After months of research and testing, I've settled on the applications that I'm using for my photography workflow in 2016. I thought you might be interested in my selections and why.
Overall Photo Management: Capture One Pro 9
Capture One comes the closest to the robust file management that I liked so much in Aperture. Its system of folders (called Groups), projects, and albums feel right at home.
And the RAW decoding is beautiful. My images look great in this application, and there are tons of editing tools for refining them. Overall, this will be the ultimate home for my RAW files.
Pros: Great library management, excellent RAW decoding, serious editing tools.
Cons: Does not accommodate imported PSD files, very still-photo centric, not cloud connected, a serious investment at $300.
Quick Turnaround: Alien Skin Exposure X
Robust photo management is great, but I have a lot of quick-turnaround jobs that I need to deliver fast. I'm really enjoying Exposure X for these scenarios. It reads the files off my memory card, puts them on my drive, then lets me star rate or add color labels, edit, and export - blazingly fast.
The adjustment sliders are terrific, and the film emulation presets are fun and creative. So not only am I working fast, the images look wonderful afterward.
Pros: Creative, great user interface, fast, lots of goodies.
Cons: Not the full featured photo management app that some photographers want, somewhat expensive at $149
Cloud Connected and Mobile: Photos for OS X
It's not the do-everything imaging app that it replaces (Aperture), but Photos for OS X is great at what it endeavors, which is connect your devices, backup your mobile shots, and provide a fun editing environment.
I shoot a lot with my iPhone, and I don't want to have to worry about the preservation or sharing of those pictures. Photos just makes it happen. I love the built-in editing tools, and what it doesn't include natively, is now being addressed by 3rd party plugins. And that implementation is terrific.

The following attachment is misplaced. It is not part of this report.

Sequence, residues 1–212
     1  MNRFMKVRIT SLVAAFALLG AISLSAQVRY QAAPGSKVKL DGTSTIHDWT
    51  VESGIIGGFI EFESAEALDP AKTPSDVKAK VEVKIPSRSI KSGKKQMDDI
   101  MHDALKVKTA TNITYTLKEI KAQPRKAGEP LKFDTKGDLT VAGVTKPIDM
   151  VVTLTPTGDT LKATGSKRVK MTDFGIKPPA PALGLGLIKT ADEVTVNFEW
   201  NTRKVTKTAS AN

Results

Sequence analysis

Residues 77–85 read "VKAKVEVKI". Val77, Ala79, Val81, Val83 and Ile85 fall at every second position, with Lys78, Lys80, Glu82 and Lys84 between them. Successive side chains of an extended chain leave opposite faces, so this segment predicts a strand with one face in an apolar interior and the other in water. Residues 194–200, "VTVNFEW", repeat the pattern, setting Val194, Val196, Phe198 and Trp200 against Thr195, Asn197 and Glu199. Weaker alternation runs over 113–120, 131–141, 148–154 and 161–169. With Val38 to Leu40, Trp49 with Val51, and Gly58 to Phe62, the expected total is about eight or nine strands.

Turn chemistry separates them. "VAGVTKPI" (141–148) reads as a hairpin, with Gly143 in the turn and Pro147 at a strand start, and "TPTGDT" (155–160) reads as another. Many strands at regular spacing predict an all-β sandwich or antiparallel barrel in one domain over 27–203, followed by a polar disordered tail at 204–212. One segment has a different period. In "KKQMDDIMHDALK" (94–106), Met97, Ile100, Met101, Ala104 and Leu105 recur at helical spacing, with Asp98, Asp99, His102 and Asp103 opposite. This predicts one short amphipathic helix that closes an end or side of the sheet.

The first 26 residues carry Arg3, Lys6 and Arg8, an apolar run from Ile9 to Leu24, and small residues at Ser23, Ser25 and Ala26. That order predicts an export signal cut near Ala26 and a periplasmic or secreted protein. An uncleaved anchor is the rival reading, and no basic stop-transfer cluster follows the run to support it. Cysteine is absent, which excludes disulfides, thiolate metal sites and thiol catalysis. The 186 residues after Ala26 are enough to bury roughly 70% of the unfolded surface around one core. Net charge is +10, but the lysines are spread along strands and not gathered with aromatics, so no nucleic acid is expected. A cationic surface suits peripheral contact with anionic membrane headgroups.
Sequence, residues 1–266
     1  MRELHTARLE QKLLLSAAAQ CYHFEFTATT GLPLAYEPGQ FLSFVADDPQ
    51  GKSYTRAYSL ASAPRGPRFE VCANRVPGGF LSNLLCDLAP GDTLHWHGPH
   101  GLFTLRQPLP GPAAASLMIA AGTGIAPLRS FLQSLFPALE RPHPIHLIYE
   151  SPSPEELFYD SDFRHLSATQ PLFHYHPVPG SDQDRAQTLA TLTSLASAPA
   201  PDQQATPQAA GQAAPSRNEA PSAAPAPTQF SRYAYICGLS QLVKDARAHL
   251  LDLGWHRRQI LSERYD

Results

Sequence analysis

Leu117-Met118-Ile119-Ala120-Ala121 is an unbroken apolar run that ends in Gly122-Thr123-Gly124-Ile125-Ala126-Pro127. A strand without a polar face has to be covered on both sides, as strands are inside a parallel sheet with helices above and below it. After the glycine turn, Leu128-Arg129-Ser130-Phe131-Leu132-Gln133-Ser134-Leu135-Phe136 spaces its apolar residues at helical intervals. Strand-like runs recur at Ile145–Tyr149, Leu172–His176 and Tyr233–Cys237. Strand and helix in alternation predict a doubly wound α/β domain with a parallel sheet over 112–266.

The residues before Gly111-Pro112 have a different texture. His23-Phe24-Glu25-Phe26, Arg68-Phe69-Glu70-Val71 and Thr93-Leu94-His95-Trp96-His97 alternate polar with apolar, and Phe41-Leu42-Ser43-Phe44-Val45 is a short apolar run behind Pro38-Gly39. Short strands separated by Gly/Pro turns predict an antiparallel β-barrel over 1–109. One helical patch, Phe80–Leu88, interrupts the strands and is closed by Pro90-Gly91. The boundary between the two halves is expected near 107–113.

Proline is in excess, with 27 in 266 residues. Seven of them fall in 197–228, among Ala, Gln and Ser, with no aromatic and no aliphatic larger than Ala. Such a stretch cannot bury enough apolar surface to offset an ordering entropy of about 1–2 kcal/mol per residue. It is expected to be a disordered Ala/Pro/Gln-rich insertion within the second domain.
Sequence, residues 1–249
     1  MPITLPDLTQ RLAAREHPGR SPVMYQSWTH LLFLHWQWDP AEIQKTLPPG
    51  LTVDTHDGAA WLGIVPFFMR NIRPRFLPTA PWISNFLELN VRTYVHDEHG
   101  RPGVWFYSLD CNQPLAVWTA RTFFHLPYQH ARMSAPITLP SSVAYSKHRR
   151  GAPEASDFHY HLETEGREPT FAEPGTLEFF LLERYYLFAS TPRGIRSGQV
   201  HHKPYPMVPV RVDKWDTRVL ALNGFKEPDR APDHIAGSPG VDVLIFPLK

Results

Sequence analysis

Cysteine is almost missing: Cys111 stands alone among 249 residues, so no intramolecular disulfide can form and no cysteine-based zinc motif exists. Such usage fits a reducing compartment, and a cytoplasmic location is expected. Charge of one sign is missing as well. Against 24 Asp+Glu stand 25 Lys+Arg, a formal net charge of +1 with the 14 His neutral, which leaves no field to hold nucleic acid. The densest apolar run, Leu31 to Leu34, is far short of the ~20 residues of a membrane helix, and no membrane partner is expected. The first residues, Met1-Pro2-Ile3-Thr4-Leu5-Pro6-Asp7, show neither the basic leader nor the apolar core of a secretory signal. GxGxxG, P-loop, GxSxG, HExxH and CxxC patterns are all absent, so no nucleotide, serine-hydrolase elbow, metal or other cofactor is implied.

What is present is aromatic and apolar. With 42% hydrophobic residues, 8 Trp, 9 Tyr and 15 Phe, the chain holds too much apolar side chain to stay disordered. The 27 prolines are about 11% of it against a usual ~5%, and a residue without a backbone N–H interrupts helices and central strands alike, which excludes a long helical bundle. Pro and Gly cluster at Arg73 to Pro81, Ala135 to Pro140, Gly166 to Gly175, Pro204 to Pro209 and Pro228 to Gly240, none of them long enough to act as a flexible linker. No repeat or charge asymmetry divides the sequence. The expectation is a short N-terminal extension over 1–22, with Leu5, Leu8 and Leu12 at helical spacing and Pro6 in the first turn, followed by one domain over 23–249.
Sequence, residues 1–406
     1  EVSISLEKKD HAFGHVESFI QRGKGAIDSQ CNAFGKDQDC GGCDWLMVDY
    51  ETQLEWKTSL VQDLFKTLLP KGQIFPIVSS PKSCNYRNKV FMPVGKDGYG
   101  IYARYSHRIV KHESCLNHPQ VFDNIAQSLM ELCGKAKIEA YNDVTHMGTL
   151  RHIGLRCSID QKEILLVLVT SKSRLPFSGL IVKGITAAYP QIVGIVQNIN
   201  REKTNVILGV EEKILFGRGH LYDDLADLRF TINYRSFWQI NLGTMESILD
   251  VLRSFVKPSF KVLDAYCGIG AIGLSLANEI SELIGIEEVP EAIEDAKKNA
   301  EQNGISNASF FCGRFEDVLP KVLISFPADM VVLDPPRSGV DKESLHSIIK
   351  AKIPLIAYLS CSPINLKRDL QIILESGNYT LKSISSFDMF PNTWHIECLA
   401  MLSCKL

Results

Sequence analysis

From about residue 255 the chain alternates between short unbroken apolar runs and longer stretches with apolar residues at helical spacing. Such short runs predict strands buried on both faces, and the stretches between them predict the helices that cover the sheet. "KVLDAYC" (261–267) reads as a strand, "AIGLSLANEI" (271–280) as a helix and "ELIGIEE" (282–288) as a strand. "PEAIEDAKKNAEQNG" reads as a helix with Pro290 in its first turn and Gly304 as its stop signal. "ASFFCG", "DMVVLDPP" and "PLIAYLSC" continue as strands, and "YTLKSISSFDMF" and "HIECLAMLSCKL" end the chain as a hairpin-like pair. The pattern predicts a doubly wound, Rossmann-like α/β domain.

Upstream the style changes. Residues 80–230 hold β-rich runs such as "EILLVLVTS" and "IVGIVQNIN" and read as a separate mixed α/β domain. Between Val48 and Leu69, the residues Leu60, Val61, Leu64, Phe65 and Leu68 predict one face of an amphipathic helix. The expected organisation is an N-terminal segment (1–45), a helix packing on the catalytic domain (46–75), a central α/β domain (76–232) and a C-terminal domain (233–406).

My iPhone images are easily adjusted, instantly shared, and always backed up. How could you not take advantage of this great app if you're an iOS shooter?
Pros: Easy, fast, mobile, smart, easy geotagging, and free.
Cons: Still no star ratings or color labels (ugh!), weak metadata management, not great for RAW shooters with new cameras (slow updating of RAW profiles).
I know a lot of folks want just one photo application to handle all of their needs. And depending on how you shoot, that's a reasonable request. But for someone like me who's using an iPhone one moment, Contax film camera the next, Olympus mirrorless after that, then a Cannon DSLR for a commercial shoot, one app just isn't going to cut it. So these are my three for 2016.
Training and Such
For hands-on tutorials to master Photos for OS X, be sure to take a look at Photos for OS X Essential Training on lynda.com.
I have a Capture One Pro Essential Training in the works that should be out soon. Over 100 movies on using that app. Keep an eye out for it.
Don't forget about the Photos for OS X Special Feature Section on The Digital Story. It's a roundup of tutorials, videos, and articles focused on helping you master Apple's latest photo management software. You can also find it under Photography in the top nav bar.
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